Rumors about larger companies acquiring smaller upstarts are not uncommon, and in the majority of cases, investors would do well to ignore the gossip mill. Sometimes, however, investors can gain valuable insight, and it's worth taking the time to examine the story to see if the combination would be a winning fit.
When rumors surfaced last month that e-commerce facilitator eBay Inc. (NASDAQ:EBAY) was looking to acquire Shopify Inc. (NYSE:SHOP), it seemed plausible; Shopify's stock jumped on the news. After all, both companies are engaged in the realm of online selling, and at first glance, it seems like it might be a good match. A closer examination, however, shows that looks can be deceiving.
If you haven't heard of Shopify, you're probably not alone. The company went public less than two years ago, but the stock has been on fire ever since. Shopify provides an e-commerce and payment platform to small and medium-sized businesses that is easy to use and provides over 1,000 apps that allow them to customize the platform for an experience that will best suit their shoppers. This software-as-a-service platform can be easily accessed on a variety of devices and can be used to monitor inventory, make sales, and process payments. Not having to worry about these issues lets the owner focus on the business.
Shopify has grown revenue in excess of 86% year over year in every quarter since going public in mid-2015, and growth in gross merchandise volume (GMV) has exceeded 100% in six of its seven quarters. Adding to its competitive advantage is the endorsement of its product by Amazon.com, Inc. (NASDAQ:AMZN), which shuttered its Amazon Webstore and recommended that its merchants migrate to Shopify's platform. Having the blessing of the e-commerce pioneer is no small feat. Facebook, Inc. abandoned its own plans to develop an e-commerce platform and partnered with Shopify as well.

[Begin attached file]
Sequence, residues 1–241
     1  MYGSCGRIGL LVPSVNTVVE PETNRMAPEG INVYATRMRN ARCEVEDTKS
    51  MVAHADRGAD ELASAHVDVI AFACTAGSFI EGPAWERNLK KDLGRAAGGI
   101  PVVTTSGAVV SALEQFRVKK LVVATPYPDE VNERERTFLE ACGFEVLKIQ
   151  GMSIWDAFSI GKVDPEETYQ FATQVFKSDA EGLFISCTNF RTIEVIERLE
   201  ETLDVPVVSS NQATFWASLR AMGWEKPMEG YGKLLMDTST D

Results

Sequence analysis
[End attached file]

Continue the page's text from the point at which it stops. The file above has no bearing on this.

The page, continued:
Shopify won't move the needle for eBay
The acquisition of Shopify may seem like it would help the lumbering giant eBay in the growth department, which increased GMV by only 2% and revenue by 4% in its most recent quarter, a far cry from Shopify's growth of 100% in GMV and 86% in revenue. However, Shopify's revenue increasing from $70 million to $130 million barely registers compared to eBay's revenue growth from $2.1 billion to $2.2 billion.
In its most recent quarter, eBay's revenue was $2.2 billion, with GMV of $20.9 billion, which dwarfs the $130 million revenue and $5.5 billion GMV at Shopify. Even if its torrid growth were to continue, it would be some time before Shopify's results were anything more than a drop in the bucket to eBay.
If eBay were to decide that it wanted Shopify, it wouldn't come cheap -- eBay would have to pay up for that kind of growth. Shopify currently has a market cap of about $7 billion. eBay wouldn't be able to buy it for that price, however. It would be logical to assume that a 20% or even 30% premium might not be enough. Assuming a 40% premium, eBay would have to pay up to $10 billion for the still young company, and that's assuming they would even sell.
Shopify might be a good fit for a company like eBay -- or even Amazon, for that matter -- but at some point a company has to consider the economics of a prospective purchase. Another consideration would be the company culture. Shopify's young snowboarder culture might not be a good fit under eBay's wing.
Is eBay even interested?
There isn't any concrete evidence that eBay is even interested. Rumors surfaced and Shopify's stock jumped on the news, but that doesn't mean an acquisition is imminent. Investors should consider that eBay has been divesting itself of several non-core businesses lately, including both its enterprise unit and PayPal Holdings, Inc. in July 2015, shortly after Shopify went public.
In a more recent move, eBay sold its position in MercadoLibre, Inc. (NASDAQ:MELI), the leader in Latin American e-commerce, in October of last year. eBay acquired a 19.5% stake in its smaller rival in 2001, after trying to compete in the region for a time. MercadoLibre, which means "free market" in Spanish, was originally modeled after eBay, which mentored the company for years. It seems odd that eBay would divest one leading e-commerce platform, only to turn around and buy another one, though stranger things have happened.
Probably won't happen
All things considered, it is unlikely that eBay would buy Shopify. Never say never, but it would likely require a much greater return on its investment. eBay could certainly swing the deal if it wanted to, but there isn't any indication it does.